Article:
input frequency and sample clock of 125 MSPS. The FFT noise
floor shows no degradation when compared with a linear regulator
power supply solution and shows no measurable frequency
components or spurs associated with the switching frequency.
Table 2 shows ac performance data taken on the AD9268 at
125 MSPS using ADP1706 family linear regulators versus the
ADP2114 dc-to-dc regulator. Signal-to-noise with respect to
full-scale (SNRFS) and spurious free dynamic range (SFDR) are
presented across a wide range of analog input frequencies from
10.3 MHz to 200.3 MHz. The results show no degradation in SNR,
SFDR, or dynamic range when using the ADP2114 switching
regulator design versus a traditional LDO solution.
The efficiency results in Table 3 compare the overall efficiency
of an LDO regulator design to the ADP2114 based switching
regulator design. Both evaluation boards used for this experiment
use the same in-line or bus voltage of 3.6 V in order to calculate
the power loss comparison appropriately from input to output
for each regulator solution. The switching regulator (ADP2114)
design provides an overall improvement in efficiency of 35%.
This is roughly a 600 mW power savings for a single AD9268.
These savings quickly translate into further power savings when
multiple devices are utilized in a system.
Figure 2. Output Spectrum with 70 MHz AIN at –1 dBFS,
Sampling Rate = 125 MSPS, with ADP2114 Supplies
Table 2. AD9268 Performance Using ADP2106-Family LDOs vs. ADP2114 DC-to-DC Regulator
Analog Input Frequency (MHz)
10.3
70.0
100.3
140.3
170.3
200.3
SNR (dBFS)
79.2
78.5
77.8
76.9
76.2
75.0
Linear Supplies
SFDR (dBc)
92.2
91.0
85.8
85.0
84.3
76.9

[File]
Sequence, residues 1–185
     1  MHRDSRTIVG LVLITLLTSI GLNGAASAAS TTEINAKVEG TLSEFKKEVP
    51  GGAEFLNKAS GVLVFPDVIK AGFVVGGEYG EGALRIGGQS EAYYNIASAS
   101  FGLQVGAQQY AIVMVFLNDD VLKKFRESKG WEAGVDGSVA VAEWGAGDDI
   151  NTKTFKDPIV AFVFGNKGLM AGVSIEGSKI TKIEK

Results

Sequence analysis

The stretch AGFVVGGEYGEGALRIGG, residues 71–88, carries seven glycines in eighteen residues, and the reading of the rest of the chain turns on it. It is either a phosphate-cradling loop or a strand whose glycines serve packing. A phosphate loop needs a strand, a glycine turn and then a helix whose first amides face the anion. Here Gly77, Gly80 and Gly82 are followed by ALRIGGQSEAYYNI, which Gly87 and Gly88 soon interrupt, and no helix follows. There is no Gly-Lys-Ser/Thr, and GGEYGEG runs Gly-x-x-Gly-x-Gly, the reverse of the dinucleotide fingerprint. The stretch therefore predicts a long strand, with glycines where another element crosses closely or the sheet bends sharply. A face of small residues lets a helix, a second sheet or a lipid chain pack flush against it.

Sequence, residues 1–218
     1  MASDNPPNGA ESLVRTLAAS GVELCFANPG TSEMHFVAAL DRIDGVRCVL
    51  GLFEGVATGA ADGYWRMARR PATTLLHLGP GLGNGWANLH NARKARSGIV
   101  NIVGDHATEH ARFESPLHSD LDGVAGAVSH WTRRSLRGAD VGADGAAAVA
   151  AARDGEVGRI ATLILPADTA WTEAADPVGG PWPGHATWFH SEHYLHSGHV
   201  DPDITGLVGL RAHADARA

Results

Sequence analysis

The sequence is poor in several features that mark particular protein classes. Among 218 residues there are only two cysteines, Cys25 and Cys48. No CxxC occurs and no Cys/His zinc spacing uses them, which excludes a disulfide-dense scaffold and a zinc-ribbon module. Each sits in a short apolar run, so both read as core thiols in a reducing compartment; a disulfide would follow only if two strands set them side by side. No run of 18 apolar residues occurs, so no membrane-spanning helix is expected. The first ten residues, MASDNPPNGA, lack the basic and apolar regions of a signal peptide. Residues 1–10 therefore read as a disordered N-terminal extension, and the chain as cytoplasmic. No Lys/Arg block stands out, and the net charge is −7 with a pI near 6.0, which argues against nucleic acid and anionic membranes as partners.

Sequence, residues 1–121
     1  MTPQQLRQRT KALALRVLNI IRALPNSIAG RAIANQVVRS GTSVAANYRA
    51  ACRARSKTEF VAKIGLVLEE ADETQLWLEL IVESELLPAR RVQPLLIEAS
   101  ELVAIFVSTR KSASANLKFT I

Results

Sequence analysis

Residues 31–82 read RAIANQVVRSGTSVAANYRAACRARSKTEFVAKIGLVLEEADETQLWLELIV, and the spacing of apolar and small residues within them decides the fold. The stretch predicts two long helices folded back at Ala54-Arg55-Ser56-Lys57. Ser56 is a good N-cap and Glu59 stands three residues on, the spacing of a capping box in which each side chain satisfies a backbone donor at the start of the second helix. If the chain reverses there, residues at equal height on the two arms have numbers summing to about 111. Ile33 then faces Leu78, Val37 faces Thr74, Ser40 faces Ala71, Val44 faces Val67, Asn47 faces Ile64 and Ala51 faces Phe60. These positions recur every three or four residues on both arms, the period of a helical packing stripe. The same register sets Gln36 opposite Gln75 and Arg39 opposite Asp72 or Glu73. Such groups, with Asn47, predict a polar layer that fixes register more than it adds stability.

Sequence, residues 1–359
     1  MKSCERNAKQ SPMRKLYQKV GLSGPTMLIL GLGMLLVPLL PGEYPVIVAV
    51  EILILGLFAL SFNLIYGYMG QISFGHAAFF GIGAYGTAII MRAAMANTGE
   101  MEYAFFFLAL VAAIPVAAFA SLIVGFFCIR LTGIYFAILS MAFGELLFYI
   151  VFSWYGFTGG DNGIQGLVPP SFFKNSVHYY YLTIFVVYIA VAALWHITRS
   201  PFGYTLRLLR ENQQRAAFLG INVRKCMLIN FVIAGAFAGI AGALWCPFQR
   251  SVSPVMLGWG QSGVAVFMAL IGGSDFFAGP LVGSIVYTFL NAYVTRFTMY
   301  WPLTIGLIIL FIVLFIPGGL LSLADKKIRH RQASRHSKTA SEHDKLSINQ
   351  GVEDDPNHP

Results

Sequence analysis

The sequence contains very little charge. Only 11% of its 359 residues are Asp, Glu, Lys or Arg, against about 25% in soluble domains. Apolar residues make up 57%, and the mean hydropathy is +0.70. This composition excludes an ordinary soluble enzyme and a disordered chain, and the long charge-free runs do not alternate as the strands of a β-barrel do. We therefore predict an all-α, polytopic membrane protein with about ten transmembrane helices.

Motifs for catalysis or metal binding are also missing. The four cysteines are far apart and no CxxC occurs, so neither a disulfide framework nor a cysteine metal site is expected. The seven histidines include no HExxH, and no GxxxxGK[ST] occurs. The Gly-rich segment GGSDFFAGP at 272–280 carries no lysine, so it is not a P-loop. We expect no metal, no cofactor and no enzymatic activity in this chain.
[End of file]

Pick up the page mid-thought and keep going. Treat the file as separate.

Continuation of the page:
Rev. A | Page 2 of 3
SNR (dBFS)
79.2
78.4
77.7
76.9
75.9
75.0
DC-to-DC Supply
SFDR (dBc)
92.3
90.8
85.6
84.8
84.6
77.0
Application Note
AN-1211
LEARN MORE
Table 3. Linear vs. Switching Regulator Efficiency
Input
Voltage/Current
Output
Voltage/Current
Overall
Efficiency
Linear
Regulators
3.6 V/0.433 mA
(1.5588 W)
1.8 V/0.433 mA
(0.7794 W)
ADP2114 Switching
Regulator
3.6 V/0.255 mA
(0.918 W)
1.8 V/0.433 mA
(0.7794 W)
50%
85%
Analog Devices ADIsimPower™ Regulator Interactive
Design Tool.
Data Sheets and Evaluation Boards
ADP2114 Data Sheet
ADP2114 Evaluation Board
AD9268 Data Sheet
Proper layout and circuit partitioning are key to a successful
design when using a dc-to-dc regulator such as the ADP2114.
Use tightly coupled PCB stackup (power and ground planes) to
improve bypassing. Switching inductors should be mounted far
from the ADC and sensitive components in the ADC’s clock and
signal paths, or on the opposite side of the PCB to help eliminate
magnetic flux coupling to sensitive components. Take the time
to understand current flow, as well as component or adjacent
circuitry placement. Ensure good isolation between circuits.
COMMON VARIATIONS
AD9268 Evaluation Board
REVISION HISTORY
6/13—Rev. 0 to Rev. A
Changed Document Title from CN-0137 to
AN-1211 .............................................................................. Universal
Changes to Circuit Description Section......................................... 2
Changes to Learn More Section ...................................................... 3
10/09—Revision 0: Initial Version
The AD9258, AD9251, AD9269, AD9231, and AD9204 are
footprint-compatible to the AD9268 and can be used as suitable
alternatives to the AD9268 if lower resolution or sample rate is
required. The ADP2114 has excess current capability for driving
a single AD9268. If only one part needs to be powered, the
ADP2108 could be considered. In this case a single regulator can
be used to power both the AVDD and DRVDD rails if adequate
isolation filters are provided between the two supply domains.
Both low dropout (LDO) regulators and switching circuit solutions
work when powering ADCs. LDO circuits suffer in efficiency.
Switching solutions show increased efficiency and lower power
dissipation without degradation to ADC performance. Further
efficiency and power savings can be realized when using
multiple devices.
©2009–2013 Analog Devices, Inc. All rights reserved. Trademarks and
registered trademarks are the property of their respective owners.
AN08663-0-6/13(A)
Rev. A | Page 3 of 3